Federal IT leaders see ‘critical moment’ in securing systems from fraud

The CIO council convened a symposium to tackle "fraud prevention and detection" after potentially tens of billions in pandemic relief funds were stolen by fraud...

Federal IT leaders are looking across agencies for ideas and potential solutions to combatting fraud in public programs, spurred on by the unprecedented scale of pandemic relief fraud that continues to come into focus.

The Federal Chief Information Officers Council hosted a first-of-its-kind “Fraud Detection and Prevention Symposium” on Tuesday, at General Services Administration headquarters in Washington.

The event was organized by the council’s innovation committee. Ann Dunkin, CIO at the Department of Energy and one of the leaders on the innovation committee, said the symposium was designed “to create action” and understand how some agencies may have already addressed digital fraud challenges.

“Let’s not reinvent the wheel, but rather share best practices and solutions,” Dunkin said. “We want to identify key points of contacts and experts in this space. So let’s not be afraid to collaborate. We want to understand where gaps remain, and where technology solutions may be required.”

Clare Martorana, the federal CIO at the Office of Management and Budget, said it’s “a unique moment in time” for agencies to “work differently” as they grapple with lessons from the pandemic, while also modernizing their IT systems and implementing new cybersecurity directives.

She said CIOs will need to work across their agencies, with chief financial officers, the oversight community and others to solve the fraud detection and prevention challenge.

“This is a critical moment for all of us,” Martorana said. “This is a combination of the need based on what we have seen occur during the pandemic and the pandemic relief. But we’re also on a really important journey from a cybersecurity perspective, where the federal government, we have put out some really great policies.”

Agencies are still implementing a sweeping May 2021 cybersecurity executive order. The federal zero trust strategy released last January, direct agencies to introduce phishing-proof multifactor authentication across their systems, including public facing ones.

Meanwhile, federal watchdogs are still uncovering the scale of the fraud within the approximately $5 trillion in COVID-19 relief spending.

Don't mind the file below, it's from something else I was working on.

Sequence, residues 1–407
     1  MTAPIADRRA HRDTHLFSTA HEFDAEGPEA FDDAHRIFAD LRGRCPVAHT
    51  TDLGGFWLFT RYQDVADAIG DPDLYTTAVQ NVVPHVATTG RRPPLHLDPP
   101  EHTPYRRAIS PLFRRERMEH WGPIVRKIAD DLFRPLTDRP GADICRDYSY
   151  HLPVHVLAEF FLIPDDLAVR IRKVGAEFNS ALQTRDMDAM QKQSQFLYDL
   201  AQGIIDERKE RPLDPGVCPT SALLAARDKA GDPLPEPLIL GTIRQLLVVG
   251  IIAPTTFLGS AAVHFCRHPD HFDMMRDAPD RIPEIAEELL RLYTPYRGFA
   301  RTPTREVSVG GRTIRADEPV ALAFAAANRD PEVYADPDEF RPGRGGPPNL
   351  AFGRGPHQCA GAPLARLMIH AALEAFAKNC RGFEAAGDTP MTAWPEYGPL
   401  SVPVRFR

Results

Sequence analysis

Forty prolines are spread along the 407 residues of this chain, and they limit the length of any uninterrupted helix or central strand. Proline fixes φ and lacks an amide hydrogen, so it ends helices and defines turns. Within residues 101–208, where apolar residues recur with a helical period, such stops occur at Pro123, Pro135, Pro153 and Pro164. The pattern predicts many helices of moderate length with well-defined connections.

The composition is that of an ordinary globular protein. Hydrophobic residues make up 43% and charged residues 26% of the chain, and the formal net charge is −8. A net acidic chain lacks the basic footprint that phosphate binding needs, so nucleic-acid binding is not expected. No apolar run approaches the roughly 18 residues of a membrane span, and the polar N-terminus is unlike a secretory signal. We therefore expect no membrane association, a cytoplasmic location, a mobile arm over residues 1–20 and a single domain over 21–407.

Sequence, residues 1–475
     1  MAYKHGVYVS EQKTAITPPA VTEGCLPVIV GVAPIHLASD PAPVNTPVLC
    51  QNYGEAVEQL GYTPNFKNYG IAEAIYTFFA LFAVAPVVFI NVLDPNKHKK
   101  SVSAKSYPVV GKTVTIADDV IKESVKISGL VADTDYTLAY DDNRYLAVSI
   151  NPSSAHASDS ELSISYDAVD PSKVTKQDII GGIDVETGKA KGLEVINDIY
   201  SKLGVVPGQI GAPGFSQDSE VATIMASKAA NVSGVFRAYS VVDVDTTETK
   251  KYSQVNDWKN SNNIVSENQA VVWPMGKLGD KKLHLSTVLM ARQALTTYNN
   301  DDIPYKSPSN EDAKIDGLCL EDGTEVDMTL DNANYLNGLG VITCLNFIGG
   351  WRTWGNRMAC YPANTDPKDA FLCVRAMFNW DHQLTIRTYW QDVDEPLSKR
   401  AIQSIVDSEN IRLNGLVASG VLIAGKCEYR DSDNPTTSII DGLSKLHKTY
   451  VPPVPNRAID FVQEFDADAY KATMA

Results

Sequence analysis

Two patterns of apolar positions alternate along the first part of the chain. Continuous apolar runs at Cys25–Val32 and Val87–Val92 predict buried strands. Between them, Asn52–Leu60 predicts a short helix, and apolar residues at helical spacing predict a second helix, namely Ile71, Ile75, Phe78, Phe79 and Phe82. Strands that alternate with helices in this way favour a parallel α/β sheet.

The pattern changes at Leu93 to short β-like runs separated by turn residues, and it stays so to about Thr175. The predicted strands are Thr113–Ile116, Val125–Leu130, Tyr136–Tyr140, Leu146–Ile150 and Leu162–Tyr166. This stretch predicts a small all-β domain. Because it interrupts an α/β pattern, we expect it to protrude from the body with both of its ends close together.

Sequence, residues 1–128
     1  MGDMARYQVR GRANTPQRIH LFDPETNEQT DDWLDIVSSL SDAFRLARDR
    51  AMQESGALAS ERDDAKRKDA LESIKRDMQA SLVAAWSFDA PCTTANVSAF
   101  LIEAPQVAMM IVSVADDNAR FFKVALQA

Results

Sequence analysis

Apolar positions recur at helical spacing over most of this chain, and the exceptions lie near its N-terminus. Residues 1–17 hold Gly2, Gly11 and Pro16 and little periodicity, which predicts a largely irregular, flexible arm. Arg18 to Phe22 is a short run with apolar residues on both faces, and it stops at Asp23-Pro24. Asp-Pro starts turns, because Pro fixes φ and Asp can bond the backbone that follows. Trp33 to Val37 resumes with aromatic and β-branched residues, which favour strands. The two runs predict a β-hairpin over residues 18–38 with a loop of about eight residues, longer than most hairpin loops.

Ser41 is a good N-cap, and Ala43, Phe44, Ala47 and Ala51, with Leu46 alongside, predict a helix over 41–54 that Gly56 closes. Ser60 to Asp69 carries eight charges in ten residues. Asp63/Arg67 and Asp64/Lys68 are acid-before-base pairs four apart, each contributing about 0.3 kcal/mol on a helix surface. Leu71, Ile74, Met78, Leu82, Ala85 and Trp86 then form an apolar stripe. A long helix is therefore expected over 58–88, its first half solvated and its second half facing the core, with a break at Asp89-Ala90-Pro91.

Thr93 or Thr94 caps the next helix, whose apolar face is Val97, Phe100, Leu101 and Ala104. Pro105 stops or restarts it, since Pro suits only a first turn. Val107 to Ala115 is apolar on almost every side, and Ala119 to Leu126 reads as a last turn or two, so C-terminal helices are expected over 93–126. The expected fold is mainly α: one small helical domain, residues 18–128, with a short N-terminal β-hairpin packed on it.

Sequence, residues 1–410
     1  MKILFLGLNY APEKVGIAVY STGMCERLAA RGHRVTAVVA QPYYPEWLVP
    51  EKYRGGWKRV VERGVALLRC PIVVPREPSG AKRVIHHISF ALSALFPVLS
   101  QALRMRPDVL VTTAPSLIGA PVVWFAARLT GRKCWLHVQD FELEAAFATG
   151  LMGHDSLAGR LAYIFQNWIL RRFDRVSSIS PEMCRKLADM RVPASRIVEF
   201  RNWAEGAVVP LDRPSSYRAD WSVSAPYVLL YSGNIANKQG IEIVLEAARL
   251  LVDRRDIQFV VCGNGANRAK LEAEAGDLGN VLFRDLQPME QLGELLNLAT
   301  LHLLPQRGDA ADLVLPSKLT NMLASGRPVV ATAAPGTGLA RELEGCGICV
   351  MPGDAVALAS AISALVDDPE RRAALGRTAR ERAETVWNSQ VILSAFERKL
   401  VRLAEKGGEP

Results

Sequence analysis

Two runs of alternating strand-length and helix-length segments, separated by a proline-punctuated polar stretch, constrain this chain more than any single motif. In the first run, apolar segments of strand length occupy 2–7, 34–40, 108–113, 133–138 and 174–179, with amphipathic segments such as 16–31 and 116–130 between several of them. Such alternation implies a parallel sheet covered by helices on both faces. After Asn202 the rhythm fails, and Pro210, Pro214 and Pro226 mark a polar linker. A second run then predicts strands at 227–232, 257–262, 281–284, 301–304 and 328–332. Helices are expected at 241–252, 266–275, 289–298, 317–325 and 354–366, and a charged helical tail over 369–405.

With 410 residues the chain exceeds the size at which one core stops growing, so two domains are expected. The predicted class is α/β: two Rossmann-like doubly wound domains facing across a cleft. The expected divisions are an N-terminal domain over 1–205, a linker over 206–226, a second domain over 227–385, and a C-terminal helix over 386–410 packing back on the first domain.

And during a Congressional hearing earlier this month, Comptroller General Gene Dodaro said the Government Accountability Office is, for the first time, trying to come up with an estimate of the total amount of fraud across all federal programs.

Deidre Harrison, the acting controller at OMB, said while federal CFOs are still identifying pandemic-related fraud and recovering funds whenever possible, they also need to look forward to prepare with better fraud detection and prevention tools in the future.

“Not ‘if,’ but when we have another event, we need to be better prepared,” Harrison said. “We need to make sure that we can prevent the fraud that we just experienced.”

Harrison also alluded to forthcoming guidance around identity and payments.

“We know that we need to make sure that we can be sure that the people who are saying they are the applicants, they are in fact who they represent themselves to be,” Harrison said. “That’s a tough challenge, and one that Claire and I and our teams are working hard on getting agencies the guidance they need to be ready to identify whether or not individuals are in fact who they say they are.”

The Joint Financial Management Improvement Program (JFMIP) is now finalizing a three-year plan “on all of the activities we can do for payment and program activities,” Harrison told Federal News Network following the panel at the CIO council symposium.

The JFMIP is a cooperative financial management venture between GAO, OMB, the Office of Personnel Management and the Treasury Department

“I think there are lots of opportunities for training,” Harrison said. “And then I think there’s also, probably, lots of opportunities that we will uncover where we can be doing things better. And so some of that is still to be determined, but we’re working hard on identifying the whole suite of activities that agencies can and should be doing.”

The JFMIP recently unveiled a payment integrity tool to help agencies better investigate improper payments. The program has found verifying and authenticating an applicant’s identity, may be among the most significant driving factors behind improper payments.

 

 

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